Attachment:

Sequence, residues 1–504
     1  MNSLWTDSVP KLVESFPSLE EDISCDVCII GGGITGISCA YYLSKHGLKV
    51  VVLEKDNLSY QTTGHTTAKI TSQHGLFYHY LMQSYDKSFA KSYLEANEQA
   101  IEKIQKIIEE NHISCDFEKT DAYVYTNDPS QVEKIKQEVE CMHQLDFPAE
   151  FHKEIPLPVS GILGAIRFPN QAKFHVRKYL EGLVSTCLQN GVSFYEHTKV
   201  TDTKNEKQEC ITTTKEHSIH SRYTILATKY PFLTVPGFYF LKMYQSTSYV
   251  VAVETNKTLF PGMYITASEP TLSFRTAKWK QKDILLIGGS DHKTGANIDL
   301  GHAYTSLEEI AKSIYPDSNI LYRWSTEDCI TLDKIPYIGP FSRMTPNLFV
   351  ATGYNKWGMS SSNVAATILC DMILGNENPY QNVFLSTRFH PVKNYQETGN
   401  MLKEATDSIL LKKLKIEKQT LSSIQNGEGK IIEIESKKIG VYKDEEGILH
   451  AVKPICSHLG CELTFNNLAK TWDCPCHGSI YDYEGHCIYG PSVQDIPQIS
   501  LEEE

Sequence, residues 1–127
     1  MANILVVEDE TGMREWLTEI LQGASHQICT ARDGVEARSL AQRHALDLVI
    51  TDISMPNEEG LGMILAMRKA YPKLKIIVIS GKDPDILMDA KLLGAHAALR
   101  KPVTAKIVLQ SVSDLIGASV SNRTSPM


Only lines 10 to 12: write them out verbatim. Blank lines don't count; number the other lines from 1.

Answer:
   401  MLKEATDSIL LKKLKIEKQT LSSIQNGEGK IIEIESKKIG VYKDEEGILH
   451  AVKPICSHLG CELTFNNLAK TWDCPCHGSI YDYEGHCIYG PSVQDIPQIS
   501  LEEE